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WHO Reports Promising Results on Bird Flu Vaccines
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The world has made "encouraging progress" in developing vaccines against a potential bird flu pandemic, the World Health Organization (WHO) said on Friday.


Currently 16 manufacturers from 10 countries are developing prototype pandemic influenza vaccines against the deadly H5N1 avian influenza virus, the UN agency said in a statement.


At present, more then 40 clinical trials have been completed or are ongoing, and "all vaccines were safe and well tolerated in all age groups tested," it said.


According to the statement, a two-day expert meeting on advances in pandemic influenza vaccine development has just ended in Geneva, where the WHO is based.


"For the first time, results presented at the meeting have convincingly demonstrated that vaccination with newly developed avian influenza vaccines can bring about a potentially protective immune response against strains of H5N1 virus," it said.


"Some of the vaccines work with low doses of antigen, which means that significantly more vaccine doses can be available in case of a pandemic," the WHO added.


This was a third such meeting in just two years and its objectives were to review progress in the development of candidate vaccines against pandemic influenza viruses and to reach consensus on future priority activities.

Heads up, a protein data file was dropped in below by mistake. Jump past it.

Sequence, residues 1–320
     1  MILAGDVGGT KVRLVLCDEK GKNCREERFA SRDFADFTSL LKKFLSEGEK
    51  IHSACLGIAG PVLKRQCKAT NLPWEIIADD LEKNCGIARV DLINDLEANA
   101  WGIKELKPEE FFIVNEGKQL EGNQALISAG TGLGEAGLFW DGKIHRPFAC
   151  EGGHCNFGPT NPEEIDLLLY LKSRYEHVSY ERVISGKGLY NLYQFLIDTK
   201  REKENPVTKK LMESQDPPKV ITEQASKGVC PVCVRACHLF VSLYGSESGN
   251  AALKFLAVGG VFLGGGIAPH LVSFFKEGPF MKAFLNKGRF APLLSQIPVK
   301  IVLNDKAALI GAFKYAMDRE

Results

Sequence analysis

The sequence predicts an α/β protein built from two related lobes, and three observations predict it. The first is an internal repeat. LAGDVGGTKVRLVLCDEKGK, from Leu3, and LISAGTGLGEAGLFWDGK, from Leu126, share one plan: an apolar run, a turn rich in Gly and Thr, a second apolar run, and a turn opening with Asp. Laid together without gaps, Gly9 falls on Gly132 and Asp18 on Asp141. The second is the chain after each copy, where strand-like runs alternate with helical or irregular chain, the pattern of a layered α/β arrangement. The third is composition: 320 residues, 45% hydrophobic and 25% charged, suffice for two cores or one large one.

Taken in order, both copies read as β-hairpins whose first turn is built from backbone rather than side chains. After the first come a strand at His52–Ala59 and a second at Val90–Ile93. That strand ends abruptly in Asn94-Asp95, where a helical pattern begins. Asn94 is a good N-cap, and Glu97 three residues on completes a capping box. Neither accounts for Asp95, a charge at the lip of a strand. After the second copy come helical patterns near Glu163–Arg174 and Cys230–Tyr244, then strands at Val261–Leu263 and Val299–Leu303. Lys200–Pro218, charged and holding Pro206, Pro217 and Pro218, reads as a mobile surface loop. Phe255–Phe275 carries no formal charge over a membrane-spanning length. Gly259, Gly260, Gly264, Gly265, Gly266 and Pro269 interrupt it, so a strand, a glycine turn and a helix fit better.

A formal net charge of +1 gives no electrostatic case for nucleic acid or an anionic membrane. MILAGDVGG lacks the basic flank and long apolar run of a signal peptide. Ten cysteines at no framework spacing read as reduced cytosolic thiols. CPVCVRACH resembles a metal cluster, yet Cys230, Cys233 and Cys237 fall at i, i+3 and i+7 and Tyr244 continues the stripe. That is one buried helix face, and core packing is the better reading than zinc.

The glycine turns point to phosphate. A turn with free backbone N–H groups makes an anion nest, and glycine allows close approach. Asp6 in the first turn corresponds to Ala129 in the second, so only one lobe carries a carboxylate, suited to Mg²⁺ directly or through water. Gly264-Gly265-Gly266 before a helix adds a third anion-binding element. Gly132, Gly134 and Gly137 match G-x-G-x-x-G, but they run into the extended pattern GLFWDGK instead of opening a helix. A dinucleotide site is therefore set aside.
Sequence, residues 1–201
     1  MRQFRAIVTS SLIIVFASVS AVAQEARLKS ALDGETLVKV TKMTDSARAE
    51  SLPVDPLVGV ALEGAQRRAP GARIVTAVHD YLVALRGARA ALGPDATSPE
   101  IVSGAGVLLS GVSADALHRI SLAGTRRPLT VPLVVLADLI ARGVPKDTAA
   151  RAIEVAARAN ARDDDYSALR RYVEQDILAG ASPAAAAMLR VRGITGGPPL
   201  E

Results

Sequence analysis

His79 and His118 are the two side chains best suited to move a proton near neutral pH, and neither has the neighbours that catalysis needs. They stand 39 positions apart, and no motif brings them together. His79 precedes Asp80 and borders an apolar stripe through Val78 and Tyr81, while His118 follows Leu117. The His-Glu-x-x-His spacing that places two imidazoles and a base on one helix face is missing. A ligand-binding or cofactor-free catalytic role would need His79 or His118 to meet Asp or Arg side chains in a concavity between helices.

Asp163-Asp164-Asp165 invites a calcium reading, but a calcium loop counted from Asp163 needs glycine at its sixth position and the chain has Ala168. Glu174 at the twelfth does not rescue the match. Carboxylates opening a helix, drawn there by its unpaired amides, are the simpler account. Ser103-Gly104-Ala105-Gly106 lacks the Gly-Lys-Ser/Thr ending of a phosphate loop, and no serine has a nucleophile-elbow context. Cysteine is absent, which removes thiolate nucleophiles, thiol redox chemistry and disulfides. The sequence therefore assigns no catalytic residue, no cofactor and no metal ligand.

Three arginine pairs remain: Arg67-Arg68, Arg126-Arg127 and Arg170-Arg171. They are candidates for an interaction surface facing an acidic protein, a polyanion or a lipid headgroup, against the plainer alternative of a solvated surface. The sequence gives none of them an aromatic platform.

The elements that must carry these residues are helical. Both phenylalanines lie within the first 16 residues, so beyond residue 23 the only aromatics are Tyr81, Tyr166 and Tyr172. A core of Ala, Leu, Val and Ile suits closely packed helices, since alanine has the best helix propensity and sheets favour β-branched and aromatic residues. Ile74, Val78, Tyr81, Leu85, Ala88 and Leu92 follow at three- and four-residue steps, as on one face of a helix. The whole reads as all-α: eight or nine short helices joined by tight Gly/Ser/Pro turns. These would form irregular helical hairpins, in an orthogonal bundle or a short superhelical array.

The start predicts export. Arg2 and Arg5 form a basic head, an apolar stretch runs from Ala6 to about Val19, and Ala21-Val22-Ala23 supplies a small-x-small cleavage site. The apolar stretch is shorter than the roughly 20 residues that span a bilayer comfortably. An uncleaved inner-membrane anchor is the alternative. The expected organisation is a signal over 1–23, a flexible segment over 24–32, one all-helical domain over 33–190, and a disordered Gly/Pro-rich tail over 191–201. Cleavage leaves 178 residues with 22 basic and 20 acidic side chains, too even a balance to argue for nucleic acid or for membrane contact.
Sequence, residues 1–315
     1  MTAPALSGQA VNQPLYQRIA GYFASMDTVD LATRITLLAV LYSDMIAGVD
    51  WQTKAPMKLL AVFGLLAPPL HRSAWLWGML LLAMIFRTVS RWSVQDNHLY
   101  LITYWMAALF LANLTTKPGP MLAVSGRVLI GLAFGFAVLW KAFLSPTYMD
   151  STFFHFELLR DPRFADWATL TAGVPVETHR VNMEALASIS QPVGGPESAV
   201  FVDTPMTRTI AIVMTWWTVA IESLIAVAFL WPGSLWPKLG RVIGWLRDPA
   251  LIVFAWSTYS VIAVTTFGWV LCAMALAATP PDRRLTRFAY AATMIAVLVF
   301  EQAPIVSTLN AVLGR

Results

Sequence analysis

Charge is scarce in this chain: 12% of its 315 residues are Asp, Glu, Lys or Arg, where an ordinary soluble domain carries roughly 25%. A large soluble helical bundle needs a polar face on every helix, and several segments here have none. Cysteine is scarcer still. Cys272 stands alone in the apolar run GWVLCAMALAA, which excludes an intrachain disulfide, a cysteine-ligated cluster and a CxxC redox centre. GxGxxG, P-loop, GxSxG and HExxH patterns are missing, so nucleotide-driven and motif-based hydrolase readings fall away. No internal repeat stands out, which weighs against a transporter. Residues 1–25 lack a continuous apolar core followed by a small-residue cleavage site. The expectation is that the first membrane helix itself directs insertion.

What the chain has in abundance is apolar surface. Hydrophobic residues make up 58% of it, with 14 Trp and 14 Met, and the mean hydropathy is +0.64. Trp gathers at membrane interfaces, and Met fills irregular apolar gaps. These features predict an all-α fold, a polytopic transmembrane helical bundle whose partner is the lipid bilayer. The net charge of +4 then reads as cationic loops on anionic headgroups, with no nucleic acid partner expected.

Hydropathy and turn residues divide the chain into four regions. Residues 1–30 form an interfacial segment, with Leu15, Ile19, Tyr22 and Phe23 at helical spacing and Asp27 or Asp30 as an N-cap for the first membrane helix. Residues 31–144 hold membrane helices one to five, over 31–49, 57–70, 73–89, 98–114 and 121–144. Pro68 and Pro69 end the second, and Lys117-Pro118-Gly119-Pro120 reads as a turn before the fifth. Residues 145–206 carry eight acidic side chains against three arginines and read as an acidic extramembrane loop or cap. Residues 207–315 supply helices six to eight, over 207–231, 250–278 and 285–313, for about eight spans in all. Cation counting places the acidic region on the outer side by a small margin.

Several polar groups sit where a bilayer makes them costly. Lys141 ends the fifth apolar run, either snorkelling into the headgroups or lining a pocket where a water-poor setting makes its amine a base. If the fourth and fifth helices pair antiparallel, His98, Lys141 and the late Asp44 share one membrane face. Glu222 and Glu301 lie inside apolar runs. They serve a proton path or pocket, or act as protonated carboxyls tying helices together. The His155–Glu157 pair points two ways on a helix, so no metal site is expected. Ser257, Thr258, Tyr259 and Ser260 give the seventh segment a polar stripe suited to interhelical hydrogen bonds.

More than 100 influenza vaccine experts from academia, national and regional public health institutions, the pharmaceutical industry and regulatory bodies throughout the world attended the meeting convened by the WHO Initiative for Vaccine Research and the WHO Global Influenza Program.


In spite of the encouraging progress noted at the meeting, the WHO stressed that the world still lacks the manufacturing capacity to meet potential global pandemic influenza vaccine demand.


The world's current vaccine manufacturing capacity is estimated at less than 400 million doses per year of trivalent seasonal influenza vaccine.


In response to this challenge, the WHO launched in 2006 the Global pandemic influenza action plan to increase vaccine supply, a US$10-billion effort over 10 years.


One of its aims is to enable developing countries to establish their own influenza vaccine production facilities through transfer of technology, providing them with the most sustainable and reliable response to the threat of pandemic influenza.


(Xinhua News Agency February 17, 2007)

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